Finally, it is also possible for insurers to offer a mixture of the approaches outlined above. A deferred premium with an agreed ‘backstop’ price for the asset gives trustees the flexibility to sell the asset over the deferred premium period with the knowledge that if an attractive price cannot be found, the insurer has agreed to take the asset at a pre-agreed minimum price. Again, this approach brings some risks and costs for insurers that will very likely be reflected in the pricing terms.  

Further potential investment
flexibility could arrive in a ‘sandbox’ 

Insurers appetite for the above approaches to private assets has changed significantly over the last couple of years or so. This leads to a natural question - should we expect this private asset flexibility to increase even further in the future?  

We think this is certainly plausible. We briefly noted above that a Solvency UK regulatory reform program is currently underway - these reforms include an objective of providing greater investment flexibility in insurer’s Matching Adjustment (MA) portfolios. New rules will come into force in this area on 30 June. However, there is a general expectation that these reforms will have quite a marginal impact on insurers’ asset allocations.  

A more substantive impact may arise from another reform idea that is currently gaining some traction - the ‘sandbox’. In recent months, insurers have argued that the sandbox idea – where, say, 10% of the asset portfolio would be exempt from most of the usual MA eligibility rules – could better allow them to meet the government’s policy objective for these portfolios to have higher allocations to UK productive assets, such as infrastructure.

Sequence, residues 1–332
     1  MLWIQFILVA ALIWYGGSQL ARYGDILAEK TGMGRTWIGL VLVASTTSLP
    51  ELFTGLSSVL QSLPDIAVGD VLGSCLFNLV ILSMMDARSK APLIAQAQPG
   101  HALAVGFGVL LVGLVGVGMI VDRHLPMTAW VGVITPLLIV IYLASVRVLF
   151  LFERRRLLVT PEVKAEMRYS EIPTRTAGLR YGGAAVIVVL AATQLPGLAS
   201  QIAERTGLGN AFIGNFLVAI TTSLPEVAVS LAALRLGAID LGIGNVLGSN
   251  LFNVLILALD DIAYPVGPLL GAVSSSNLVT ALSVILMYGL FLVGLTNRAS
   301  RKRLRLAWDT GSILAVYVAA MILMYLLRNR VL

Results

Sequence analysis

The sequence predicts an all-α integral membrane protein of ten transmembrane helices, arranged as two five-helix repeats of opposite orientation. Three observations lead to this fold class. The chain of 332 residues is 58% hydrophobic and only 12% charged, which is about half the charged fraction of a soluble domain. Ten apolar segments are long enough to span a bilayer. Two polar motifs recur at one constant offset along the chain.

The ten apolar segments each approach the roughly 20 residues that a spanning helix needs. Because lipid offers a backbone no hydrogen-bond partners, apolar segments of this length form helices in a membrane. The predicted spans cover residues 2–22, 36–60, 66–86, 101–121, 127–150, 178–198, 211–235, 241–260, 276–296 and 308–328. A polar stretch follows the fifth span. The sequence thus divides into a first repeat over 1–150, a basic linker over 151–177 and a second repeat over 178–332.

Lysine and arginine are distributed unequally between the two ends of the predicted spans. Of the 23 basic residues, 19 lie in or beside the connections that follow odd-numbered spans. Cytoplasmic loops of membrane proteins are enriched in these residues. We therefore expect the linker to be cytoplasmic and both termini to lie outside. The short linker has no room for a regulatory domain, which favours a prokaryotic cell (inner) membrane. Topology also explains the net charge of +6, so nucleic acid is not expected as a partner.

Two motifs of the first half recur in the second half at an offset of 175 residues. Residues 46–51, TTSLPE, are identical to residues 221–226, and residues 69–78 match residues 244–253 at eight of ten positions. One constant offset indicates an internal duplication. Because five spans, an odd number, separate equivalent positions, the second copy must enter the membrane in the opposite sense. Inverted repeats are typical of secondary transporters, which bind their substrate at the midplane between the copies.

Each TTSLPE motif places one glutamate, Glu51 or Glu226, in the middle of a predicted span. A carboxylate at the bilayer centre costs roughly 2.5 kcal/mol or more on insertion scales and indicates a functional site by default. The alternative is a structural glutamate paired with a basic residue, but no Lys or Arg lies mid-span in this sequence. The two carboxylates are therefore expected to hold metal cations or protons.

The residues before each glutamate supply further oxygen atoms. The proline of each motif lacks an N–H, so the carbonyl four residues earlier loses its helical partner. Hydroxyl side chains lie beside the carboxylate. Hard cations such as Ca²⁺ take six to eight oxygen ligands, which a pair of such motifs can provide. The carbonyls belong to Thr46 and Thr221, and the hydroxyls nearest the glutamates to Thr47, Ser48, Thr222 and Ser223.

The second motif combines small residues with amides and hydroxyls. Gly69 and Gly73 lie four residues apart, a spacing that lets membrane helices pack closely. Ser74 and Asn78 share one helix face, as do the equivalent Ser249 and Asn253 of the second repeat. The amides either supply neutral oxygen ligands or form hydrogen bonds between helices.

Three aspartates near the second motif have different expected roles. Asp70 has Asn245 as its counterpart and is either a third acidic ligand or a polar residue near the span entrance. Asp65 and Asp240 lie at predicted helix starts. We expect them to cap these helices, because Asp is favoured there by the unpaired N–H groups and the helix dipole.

The PRA has recently announced that it has established a Subject Expert Group (SEG) to investigate the sandbox policy idea. This signals that the PRA is taking the sandbox idea seriously. If the MA sandbox were to become policy, this could potentially allow a much wider spectrum of pension schemes’ private asset portfolios to be accepted by insurers as part of the buyout premium (though of course the insurer and pension scheme would still need to agree on valuations following due diligence, etc.)